Reduce Dementia Risk When You Have Diabetes

By Roberta Kleinman|2023-08-29T10:30:23-04:00Updated: June 23rd, 2023|Diabetes Management|0 Comments
  • Dementia and Diabetes

Reduce Dementia Risk When You Have Diabetes

Recent studies revealed people with diabetes could be at a higher risk of developing dementia. Other factors that are noted in brain deterioration are family history, aging, smoking, cardiovascular disease, being a female (have twice the risk of dementia) and lack of quality sleep. African Americans, American Indians and Alaska Natives also have a higher risk for dementia as well as diabetes.

Your brain remains active even during sleep. Your brain has three main regions each with a specific job, all the parts work together through nerve cells called neurons. Your brain has the ability to think, learn and remember. It basically controls everything in your body. It processes your emotions, interprets information, and regulates multiple bodily functions. It is where intelligence, creativity and memory are located.

Your brain health is connected to the overall health of your physical body. The old adage “use it or lose it” applies to both your physical and mental health. Physical exercise is always discussed in a diabetes care plan when learning how to improve your quality of life. A constant supply of oxygenated blood from physical exercise can also assist in improving your brain function.

A physical exercise plan for your diabetes is encouraged since “it promotes vascular health to protect brain tissue.” Should you also have a program in place to enhance your cognitive health and mental abilities? Should you have a specific plan in place to prevent neurological damage due to aging and/or diabetes?

Certain lifestyle changes can reduce your risk of getting dementia, with or without diabetes. Dementia is not considered part of normal aging of the brain. Find out how to lead a healthier life each day for both your body and your mind.

Having a “brain mental exercise” plan in place and living a healthy lifestyle may help you function at a higher level for a longer period of time. Managing several important numbers such as blood pressure, cholesterol, blood sugars and weight is important not only your body but also your brain. Just as out of control blood sugars and high blood pressure can cause blood vessel damage in the body, it can affect the blood vessels in the brain.

Diabetes Link to Cognitive Health

Diabetes can affect multiple organs like your eyes, kidneys, nerves, heart, blood vessels and feet in a negative way when poorly managed. The more severe the diabetes and the longer you live, the more likely you will have cognitive decline. Besides high or low blood sugars, other conditions like hypertension and high cholesterol (often paired with diabetes), can negatively affect your brain.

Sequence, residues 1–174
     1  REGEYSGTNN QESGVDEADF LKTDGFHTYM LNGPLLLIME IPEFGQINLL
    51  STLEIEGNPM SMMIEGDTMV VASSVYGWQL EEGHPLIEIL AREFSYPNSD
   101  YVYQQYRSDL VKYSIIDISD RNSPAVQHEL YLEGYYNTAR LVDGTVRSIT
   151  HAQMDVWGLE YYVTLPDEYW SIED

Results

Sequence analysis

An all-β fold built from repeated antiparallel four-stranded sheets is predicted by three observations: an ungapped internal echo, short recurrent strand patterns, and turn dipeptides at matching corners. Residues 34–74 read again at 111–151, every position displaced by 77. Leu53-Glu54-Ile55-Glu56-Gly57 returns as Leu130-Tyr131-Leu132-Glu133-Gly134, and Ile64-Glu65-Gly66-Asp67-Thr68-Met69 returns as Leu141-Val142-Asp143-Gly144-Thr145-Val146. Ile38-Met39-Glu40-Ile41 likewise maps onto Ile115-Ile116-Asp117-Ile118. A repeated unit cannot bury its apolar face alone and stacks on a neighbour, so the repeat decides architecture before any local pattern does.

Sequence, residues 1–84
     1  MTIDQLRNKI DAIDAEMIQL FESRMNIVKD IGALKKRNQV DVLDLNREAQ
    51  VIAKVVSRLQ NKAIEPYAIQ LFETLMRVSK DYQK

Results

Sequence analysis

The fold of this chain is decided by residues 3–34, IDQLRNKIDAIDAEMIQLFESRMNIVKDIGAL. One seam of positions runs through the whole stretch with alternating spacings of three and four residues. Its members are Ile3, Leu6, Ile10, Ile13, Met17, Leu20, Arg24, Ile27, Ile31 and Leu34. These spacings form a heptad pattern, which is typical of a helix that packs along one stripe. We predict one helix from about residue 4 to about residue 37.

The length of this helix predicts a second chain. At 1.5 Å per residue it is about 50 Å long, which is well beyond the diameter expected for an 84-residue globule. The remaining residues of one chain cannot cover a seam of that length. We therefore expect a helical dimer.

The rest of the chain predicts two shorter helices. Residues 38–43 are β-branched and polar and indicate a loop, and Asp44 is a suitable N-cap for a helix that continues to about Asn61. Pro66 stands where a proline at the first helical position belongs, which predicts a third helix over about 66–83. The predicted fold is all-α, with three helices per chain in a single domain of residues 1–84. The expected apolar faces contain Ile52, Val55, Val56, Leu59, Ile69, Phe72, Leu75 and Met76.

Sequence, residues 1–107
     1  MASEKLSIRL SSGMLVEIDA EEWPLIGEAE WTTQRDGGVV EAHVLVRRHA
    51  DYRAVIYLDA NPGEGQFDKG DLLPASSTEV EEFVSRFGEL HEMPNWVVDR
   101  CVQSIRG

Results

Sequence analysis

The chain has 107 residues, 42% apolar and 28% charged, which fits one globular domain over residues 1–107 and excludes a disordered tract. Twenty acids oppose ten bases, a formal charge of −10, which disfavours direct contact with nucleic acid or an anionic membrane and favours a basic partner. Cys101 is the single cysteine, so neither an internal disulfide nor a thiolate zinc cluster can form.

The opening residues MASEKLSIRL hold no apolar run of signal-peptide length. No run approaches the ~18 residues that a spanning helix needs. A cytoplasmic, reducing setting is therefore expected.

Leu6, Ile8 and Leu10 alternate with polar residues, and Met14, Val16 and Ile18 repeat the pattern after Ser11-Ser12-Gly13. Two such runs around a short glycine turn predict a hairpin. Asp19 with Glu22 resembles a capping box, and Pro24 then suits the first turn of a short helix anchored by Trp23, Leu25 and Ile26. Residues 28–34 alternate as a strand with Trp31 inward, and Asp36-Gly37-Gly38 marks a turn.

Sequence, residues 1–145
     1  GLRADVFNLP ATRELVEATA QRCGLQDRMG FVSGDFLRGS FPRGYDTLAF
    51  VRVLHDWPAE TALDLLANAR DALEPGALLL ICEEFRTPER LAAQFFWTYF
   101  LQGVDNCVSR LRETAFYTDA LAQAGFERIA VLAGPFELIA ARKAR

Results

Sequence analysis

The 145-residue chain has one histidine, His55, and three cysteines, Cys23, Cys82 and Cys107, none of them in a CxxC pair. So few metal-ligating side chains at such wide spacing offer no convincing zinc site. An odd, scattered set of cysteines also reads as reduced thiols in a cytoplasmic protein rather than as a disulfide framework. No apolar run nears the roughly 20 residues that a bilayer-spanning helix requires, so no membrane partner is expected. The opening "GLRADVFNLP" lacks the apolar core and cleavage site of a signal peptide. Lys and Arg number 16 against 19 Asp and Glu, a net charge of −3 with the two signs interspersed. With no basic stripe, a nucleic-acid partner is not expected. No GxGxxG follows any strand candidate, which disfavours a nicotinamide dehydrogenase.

Your brain uses half of all the sugar circulating in your blood stream. When your blood sugar goes too high or too low, you may experience mood swings, memory issues and a reduced ability to learn. High blood sugars are dangerous to brain blood vessels and nerves. “Brain fog” is a very common condition, although not a medical term, may develop. Brain fog is when you feel spacy, have difficulty finding the correct words, are irritable and lack the ability to focus.

High blood sugars also lead to inflammation in the brain causing poor judgment and confusion. The brain blood vessels may become clogged with plaque, just like your coronary arteries. Oxygen rich blood will not enter your brain causing brain cells to die. Even insulin plays a role in your brain health. Insulin resistance, often seen in type 2 diabetes, can negatively impact your brain.”Insulin resistance” means your body has insulin but it is not utilizing it correctly. That raises the risk for vascular dementia, memory problems, mood swings and possibly dementia as well as Alzheimer’s.

Low blood sugars resulting from diabetes are dangerous to the brain as well. Low blood sugars can produce symptoms such as headaches, dizziness, weakness, irritability, and confusion. If not treated, low blood sugar can result in a coma. “Older people with diabetes have documented higher incidences of dementia, Alzheimer’s and vascular dementia compared to older people with normal blood sugars.” Forgetfulness and confusion are often present. Self-care begins to disappear.

If and when cognitive problems develop for the patient, the diabetes care team should try to simplify the health care routine as much as possible. When the patient starts forgetting to keep their medical appointments, forgetting to renew or take medications or forgetting to prepare and eat meals, action must be taken by the care team and family. The term “dementia” means the inability to live and function independently. The medical provider along with the family need to make sure there is a proper support system in place either in the home setting or in a medical facility.

What are we currently learning about Diabetes and Brain Health?